Management 101: Handle your conflict, your staff, your life

All managers have one shared goal: get a promotion. But many times, a manager's job is so multifaceted and detail-laden that the manager loses sight of that big picture. Here are five jobs of a manager that are often lost in the muddle of managing smaller, day-to-day issues.

1. Manage conflict. Avoiding conflict is for people who want to lay low and move up by inertia. This plan will take you only so far. At some point, you have to meet conflict head on and show that you can resolve it. At the highest levels of management, leaders are essentially gathering competing opinions from the very informed and making a decision based on conflicting recommendations. Conflict at your level, e.g. "Karen is late on every project, and I don't want to work with her on the next one," is preparation for the next level. Don't shrink from this stepping-stone by hiding in the sand until the conflict resolves itself. Managing conflict allows you to become an arbitrator and negotiator, and most of all, someone who has developed good judgment on hard calls.

2. Manage your personal life. You’re kidding yourself if you think people don't see what's going on with you at home. Are you getting drunk every night? Are your finances a mess? You might think you’re hiding bad behavior from co-workers, but stress shows up in nonverbal, unexpected ways that make people uncomfortable and worried about your competence. People who seem to have shaky lives at home are time bombs at work. So instead of trying to hide your personal life, redirect that energy toward improving your situation.

3. Manage hearts and mind. Sure, you need to manage budgets, schedules, and strategy. But if you don't have people’s hearts on your side, your team won't over-perform for you. The easiest way to win the hearts of your team members is to genuinely care about them. You can't fake this. So if you don't genuinely care about people who work for you, ask yourself why you’re in management. Management is about helping people be their best. Once you genuinely care about people, you’ll be able to help them reach their goals at work– which, invariably, will reflect favorably on your own workplace performance.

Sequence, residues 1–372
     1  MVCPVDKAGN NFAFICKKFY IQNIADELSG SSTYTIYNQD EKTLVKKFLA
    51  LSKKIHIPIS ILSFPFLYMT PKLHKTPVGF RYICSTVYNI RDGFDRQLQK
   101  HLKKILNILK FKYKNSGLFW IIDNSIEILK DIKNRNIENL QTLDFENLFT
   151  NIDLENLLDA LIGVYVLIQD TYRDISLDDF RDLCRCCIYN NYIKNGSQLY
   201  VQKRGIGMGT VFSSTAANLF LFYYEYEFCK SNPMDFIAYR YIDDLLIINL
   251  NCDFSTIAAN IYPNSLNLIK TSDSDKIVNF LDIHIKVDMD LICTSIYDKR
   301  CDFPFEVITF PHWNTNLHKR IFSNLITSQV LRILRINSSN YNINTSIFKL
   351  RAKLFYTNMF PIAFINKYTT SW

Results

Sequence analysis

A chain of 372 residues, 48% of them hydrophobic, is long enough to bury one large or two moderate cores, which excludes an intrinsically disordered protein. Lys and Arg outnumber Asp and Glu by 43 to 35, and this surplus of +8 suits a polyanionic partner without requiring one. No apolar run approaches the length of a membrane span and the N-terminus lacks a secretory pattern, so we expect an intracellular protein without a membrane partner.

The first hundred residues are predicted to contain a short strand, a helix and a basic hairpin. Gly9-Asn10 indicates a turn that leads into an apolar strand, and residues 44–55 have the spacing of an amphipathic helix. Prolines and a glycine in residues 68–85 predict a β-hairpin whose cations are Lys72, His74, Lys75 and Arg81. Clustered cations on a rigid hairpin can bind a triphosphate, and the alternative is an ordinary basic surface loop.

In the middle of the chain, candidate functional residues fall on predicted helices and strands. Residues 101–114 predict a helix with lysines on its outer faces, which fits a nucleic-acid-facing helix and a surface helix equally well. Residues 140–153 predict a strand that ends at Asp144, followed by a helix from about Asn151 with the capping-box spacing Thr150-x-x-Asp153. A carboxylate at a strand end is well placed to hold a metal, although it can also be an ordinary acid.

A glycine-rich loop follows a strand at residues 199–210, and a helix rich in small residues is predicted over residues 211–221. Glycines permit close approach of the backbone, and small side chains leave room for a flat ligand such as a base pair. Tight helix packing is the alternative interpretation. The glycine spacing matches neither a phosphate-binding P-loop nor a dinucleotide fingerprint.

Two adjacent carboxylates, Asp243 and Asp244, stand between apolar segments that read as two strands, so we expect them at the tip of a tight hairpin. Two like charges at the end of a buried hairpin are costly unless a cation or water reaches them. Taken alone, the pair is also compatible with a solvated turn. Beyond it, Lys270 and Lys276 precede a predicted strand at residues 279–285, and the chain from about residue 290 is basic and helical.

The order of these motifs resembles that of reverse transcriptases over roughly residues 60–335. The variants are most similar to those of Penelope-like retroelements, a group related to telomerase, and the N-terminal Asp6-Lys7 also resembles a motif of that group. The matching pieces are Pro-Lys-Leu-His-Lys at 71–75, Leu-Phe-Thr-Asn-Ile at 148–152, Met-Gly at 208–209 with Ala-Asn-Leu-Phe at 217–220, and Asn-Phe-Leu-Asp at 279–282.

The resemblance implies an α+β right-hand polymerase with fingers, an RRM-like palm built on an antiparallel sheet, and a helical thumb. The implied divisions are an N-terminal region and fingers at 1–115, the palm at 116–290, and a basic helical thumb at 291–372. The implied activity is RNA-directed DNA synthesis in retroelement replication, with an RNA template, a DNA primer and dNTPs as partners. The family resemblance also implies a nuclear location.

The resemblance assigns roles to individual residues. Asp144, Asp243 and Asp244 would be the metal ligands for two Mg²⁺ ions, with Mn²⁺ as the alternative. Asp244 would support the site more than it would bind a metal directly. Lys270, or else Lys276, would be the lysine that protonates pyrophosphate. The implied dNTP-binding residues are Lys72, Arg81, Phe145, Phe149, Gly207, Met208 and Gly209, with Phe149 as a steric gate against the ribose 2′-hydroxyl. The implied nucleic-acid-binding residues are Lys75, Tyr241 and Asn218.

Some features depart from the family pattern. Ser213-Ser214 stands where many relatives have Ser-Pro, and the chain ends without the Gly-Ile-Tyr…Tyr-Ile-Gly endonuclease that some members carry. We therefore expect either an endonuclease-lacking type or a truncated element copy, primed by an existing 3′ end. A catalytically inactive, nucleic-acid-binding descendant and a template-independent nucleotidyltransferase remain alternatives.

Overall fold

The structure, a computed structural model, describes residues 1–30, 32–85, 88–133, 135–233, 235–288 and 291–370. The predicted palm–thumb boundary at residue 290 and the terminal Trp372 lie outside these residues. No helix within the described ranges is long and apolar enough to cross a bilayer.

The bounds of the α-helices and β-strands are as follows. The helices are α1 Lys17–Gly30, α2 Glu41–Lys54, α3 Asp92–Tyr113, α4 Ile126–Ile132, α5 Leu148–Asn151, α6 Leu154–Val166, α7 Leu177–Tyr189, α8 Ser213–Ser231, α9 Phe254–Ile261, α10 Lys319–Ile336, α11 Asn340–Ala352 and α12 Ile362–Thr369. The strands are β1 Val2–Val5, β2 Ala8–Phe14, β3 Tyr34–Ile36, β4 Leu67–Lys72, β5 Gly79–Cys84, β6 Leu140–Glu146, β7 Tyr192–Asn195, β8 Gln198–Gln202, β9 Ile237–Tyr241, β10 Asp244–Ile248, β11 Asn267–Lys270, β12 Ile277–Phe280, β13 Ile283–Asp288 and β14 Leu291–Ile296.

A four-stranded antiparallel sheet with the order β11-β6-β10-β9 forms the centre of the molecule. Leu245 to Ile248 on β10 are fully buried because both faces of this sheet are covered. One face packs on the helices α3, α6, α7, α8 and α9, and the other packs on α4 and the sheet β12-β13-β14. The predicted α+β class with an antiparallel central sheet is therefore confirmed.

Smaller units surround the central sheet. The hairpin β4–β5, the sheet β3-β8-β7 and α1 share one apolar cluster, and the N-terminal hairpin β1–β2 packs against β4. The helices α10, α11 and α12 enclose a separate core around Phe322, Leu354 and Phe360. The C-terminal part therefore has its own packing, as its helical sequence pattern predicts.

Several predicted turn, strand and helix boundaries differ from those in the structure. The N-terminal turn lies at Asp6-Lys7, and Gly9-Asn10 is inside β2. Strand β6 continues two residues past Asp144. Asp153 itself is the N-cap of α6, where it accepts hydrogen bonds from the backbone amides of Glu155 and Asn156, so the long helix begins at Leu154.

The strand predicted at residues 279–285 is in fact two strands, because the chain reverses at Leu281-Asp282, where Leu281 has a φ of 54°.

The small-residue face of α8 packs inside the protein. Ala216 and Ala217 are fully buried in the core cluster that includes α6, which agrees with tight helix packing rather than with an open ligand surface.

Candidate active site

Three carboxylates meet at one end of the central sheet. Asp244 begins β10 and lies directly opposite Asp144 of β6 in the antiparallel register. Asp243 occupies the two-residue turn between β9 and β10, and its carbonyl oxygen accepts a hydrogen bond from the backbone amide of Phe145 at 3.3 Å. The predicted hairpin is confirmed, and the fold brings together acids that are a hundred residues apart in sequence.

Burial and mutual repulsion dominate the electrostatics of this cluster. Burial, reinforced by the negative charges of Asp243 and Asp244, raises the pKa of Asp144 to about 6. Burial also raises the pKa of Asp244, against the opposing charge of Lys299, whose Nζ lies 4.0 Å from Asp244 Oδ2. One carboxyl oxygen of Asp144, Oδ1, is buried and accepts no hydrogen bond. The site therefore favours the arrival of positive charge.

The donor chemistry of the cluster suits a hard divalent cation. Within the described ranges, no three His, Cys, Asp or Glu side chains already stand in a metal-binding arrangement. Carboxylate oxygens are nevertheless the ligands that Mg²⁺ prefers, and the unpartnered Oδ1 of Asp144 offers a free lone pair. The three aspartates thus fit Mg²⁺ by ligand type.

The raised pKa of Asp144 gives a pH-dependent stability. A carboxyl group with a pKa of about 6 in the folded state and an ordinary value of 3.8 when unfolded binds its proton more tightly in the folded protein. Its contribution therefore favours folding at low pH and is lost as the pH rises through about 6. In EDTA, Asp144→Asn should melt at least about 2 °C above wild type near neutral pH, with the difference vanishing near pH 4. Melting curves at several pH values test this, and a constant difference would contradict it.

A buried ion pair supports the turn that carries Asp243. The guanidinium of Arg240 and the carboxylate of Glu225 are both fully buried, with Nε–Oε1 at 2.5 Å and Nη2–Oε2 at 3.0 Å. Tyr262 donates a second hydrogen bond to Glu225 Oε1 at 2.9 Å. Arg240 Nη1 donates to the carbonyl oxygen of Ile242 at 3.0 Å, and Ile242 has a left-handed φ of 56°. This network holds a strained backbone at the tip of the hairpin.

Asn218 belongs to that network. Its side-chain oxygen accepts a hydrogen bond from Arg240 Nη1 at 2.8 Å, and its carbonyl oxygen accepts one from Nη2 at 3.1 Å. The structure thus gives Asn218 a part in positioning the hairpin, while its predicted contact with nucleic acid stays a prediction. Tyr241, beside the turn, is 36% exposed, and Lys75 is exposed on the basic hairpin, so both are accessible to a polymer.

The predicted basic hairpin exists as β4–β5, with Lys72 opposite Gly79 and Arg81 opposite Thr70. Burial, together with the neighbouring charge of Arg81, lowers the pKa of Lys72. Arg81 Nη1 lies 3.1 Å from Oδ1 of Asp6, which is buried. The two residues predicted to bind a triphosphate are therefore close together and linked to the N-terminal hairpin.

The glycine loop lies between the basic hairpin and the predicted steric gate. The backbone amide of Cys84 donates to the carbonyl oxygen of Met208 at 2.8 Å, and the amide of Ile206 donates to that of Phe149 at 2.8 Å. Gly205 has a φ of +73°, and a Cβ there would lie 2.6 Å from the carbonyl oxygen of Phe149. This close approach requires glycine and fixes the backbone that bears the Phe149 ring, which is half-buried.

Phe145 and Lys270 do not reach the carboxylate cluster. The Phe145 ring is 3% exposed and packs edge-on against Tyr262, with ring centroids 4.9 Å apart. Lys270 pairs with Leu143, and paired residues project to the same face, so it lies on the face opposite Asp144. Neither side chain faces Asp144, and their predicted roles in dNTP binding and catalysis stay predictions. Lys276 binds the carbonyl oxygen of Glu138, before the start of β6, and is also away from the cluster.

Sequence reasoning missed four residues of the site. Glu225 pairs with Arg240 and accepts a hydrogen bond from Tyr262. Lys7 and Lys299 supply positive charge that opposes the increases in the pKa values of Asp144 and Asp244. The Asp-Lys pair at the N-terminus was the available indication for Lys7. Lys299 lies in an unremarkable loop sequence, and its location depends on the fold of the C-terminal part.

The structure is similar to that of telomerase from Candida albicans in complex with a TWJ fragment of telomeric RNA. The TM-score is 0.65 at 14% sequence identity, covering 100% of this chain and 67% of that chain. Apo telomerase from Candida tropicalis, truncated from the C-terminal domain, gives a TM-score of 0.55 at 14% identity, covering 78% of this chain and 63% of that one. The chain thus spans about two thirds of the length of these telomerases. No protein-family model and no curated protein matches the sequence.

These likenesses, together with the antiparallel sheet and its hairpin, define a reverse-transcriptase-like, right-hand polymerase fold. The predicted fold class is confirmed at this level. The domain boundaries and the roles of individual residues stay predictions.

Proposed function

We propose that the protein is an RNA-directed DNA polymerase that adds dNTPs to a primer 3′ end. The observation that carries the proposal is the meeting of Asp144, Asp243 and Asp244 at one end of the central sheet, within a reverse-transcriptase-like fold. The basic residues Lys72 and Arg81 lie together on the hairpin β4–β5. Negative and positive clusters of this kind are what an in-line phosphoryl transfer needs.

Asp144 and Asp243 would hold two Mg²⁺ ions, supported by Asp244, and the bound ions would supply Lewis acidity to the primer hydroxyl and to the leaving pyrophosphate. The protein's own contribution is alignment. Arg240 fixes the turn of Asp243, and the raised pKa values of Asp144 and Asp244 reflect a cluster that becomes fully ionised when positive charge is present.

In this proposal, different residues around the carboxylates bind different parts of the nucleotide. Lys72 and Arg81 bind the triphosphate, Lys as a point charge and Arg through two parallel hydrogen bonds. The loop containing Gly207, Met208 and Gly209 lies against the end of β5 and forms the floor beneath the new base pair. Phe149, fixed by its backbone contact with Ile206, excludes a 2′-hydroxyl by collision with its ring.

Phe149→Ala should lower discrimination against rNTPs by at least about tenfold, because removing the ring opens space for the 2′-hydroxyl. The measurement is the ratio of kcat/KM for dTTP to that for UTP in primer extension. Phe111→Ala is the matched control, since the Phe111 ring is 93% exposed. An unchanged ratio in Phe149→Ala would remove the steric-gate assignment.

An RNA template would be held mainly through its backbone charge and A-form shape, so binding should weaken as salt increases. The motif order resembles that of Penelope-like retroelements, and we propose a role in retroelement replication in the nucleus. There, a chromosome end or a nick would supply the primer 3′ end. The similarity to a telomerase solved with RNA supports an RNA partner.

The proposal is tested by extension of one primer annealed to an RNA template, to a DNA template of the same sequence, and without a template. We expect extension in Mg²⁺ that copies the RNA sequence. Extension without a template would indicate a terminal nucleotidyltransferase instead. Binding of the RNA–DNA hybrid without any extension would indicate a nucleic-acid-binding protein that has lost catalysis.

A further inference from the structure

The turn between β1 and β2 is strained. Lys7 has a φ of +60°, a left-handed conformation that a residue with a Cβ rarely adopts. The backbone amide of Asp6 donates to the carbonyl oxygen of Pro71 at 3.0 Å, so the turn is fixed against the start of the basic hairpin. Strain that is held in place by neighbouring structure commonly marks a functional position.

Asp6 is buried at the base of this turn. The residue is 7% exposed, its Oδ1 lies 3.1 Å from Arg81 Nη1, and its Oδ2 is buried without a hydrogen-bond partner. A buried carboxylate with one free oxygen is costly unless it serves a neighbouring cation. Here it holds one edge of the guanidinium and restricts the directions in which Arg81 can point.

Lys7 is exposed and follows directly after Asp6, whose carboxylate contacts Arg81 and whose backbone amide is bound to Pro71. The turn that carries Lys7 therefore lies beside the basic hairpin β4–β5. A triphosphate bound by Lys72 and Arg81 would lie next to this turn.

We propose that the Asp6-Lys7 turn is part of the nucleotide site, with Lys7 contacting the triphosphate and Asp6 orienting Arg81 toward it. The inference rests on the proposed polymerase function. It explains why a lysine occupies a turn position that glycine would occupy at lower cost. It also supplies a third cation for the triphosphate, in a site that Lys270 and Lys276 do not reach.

4. Manage diversity. Diversity is not popular right now, when so many people worry about their job going overseas. But study after study shows that diverse teams perform better than homogenous teams. Managing diversity starts by hiring someone who’s not like everyone else on your team. Then do it again and again and find a way to make the team gel. Diverse teams are more difficult to manage– there are more opinions, more preconceptions, more quirks, and more conflicts. But top managers can leverage these difficulties to establish more innovative planning. No one became great by hiring only people who all think alike.

5. Manage a successor. If you're doing a good job, it's hard to convince your boss to promote you; he has no idea who will take your place, and he risks his own job performance by letting you replace yourself with someone who might not be as capable. Instead, train someone in-house to take over your job as soon as you have a handle on it. The person should be practically doing your job so that you can find areas where you can take on more responsibility before you ask for a promotion. Managing a successor allows you to first lead without the title, and then to ask for the new title. And more money.
Penelope Trunk has worked for many businesses and even started a few, and now she's too busy to write her column, so this advice is reprinted from an earlier edition of the Hook.

Read more on: corporate management